Art Term

Khartoum School

The Khartoum School was a modernist art movement formed in Sudan in 1960 that sought to develop a new visual vocabulary to reflect the distinctive identity of the newly independent nation

Ibrahim El-Salahi
Reborn Sounds of Childhood Dreams I (1961–5)

The Khartoum School was formed by the painters Ahmed Shibrain, Kamala Ishag and Ibrahim El-Salahi.

As one of the most active contributors to the growth of modern art in Africa, the group was typified by its use of primitive and Islamic imagery. One of its distinctive characteristics was the use of calligraphic writing, in which the artists would simplify Arabic script into abstract shapes. This aesthetic, called hurufiyya, together with Islamic motifs, became a hallmark of the Khartoum School.

The group disbanded in 1975 after Ishag broke away to found the Crystalist Group and El-Salahi was accused of anti-government activities and imprisoned, later going into self-imposed exile in the UK.

  • Modernism

    Modernism refers to a global movement in society and culture that from the early decades of the twentieth century sought a new alignment with the experience and values of modern industrial life. Building on late nineteenth-century precedents, artists around the world used new imagery, materials and techniques to create artworks that they felt better reflected the realities and hopes of modern societies.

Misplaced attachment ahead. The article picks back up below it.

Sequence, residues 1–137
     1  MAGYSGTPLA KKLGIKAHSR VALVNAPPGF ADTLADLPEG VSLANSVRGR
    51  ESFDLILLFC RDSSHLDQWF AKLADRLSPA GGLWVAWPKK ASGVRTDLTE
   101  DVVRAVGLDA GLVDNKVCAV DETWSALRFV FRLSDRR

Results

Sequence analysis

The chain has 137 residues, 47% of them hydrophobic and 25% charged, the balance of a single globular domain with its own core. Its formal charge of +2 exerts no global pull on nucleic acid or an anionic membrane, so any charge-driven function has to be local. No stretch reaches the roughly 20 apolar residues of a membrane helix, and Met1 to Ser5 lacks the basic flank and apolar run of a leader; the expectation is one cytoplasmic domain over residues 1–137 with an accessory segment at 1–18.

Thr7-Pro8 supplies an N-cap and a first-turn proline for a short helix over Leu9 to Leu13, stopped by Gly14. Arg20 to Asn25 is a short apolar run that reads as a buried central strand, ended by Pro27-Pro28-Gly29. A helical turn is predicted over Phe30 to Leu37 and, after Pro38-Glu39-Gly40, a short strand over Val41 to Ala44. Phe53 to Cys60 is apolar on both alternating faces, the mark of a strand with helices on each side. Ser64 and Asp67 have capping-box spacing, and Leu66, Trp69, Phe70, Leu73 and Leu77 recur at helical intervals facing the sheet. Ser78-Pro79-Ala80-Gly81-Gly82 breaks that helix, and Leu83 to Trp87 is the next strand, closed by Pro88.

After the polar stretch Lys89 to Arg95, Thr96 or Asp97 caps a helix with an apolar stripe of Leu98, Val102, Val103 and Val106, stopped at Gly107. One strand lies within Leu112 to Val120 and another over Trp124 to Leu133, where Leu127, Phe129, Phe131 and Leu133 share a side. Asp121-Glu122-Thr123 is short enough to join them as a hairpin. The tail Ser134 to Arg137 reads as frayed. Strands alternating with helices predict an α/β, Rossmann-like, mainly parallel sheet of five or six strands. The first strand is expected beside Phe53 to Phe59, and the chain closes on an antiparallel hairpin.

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  • Stories from El-Salahi's garden

    Hassan Musa

    The Sudanese artist Ibrahim El-Salahi (born 1930) is a significant figure in African and Arab modernism, whose work reflects a rich cross-pollination of art, ideas, culture and tradition. To coincide with his first exhibition in the UK, Tate Etc. asked a fellow Sudanese artist to pay homage

  • Who is Ibrahim El-Salahi?

    Get to know one of the leading modernist figure artists

Selected artists in the collection

Selected artworks in the collection

Khartoum school at tate